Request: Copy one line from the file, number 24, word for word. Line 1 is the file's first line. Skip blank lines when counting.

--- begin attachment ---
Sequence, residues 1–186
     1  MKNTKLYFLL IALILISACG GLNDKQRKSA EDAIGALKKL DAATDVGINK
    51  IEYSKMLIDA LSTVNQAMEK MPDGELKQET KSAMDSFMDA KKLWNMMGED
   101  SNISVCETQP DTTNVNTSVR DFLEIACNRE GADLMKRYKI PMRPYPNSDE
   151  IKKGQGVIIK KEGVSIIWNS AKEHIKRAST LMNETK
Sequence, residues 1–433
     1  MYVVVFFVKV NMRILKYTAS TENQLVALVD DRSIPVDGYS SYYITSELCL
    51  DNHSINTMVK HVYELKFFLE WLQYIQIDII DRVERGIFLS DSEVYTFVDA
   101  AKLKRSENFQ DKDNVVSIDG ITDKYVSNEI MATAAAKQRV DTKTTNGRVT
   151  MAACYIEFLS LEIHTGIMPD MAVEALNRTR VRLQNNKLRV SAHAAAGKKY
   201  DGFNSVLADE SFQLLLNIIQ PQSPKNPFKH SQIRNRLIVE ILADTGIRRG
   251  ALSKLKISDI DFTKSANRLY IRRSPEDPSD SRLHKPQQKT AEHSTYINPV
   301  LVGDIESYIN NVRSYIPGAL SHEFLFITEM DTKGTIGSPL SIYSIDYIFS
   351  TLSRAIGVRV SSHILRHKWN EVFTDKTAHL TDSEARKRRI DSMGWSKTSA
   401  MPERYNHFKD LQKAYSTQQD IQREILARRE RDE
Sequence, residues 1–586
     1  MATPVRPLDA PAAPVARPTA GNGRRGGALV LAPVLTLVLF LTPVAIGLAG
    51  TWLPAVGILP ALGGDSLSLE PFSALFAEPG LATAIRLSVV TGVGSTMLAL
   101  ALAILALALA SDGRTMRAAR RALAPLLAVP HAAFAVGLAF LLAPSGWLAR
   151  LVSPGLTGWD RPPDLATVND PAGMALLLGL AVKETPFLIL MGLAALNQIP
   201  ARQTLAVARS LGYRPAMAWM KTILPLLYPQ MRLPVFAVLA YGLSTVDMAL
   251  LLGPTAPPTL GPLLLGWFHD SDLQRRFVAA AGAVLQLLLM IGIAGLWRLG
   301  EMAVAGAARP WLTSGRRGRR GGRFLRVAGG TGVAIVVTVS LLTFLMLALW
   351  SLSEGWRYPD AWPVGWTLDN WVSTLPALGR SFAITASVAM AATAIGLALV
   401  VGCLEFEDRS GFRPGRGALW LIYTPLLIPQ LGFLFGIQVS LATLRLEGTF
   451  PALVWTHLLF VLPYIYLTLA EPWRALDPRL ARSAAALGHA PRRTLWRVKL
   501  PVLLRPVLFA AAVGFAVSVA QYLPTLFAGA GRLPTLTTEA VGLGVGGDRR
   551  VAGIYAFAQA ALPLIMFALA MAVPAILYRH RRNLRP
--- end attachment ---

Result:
   351  SLSEGWRYPD AWPVGWTLDN WVSTLPALGR SFAITASVAM AATAIGLALV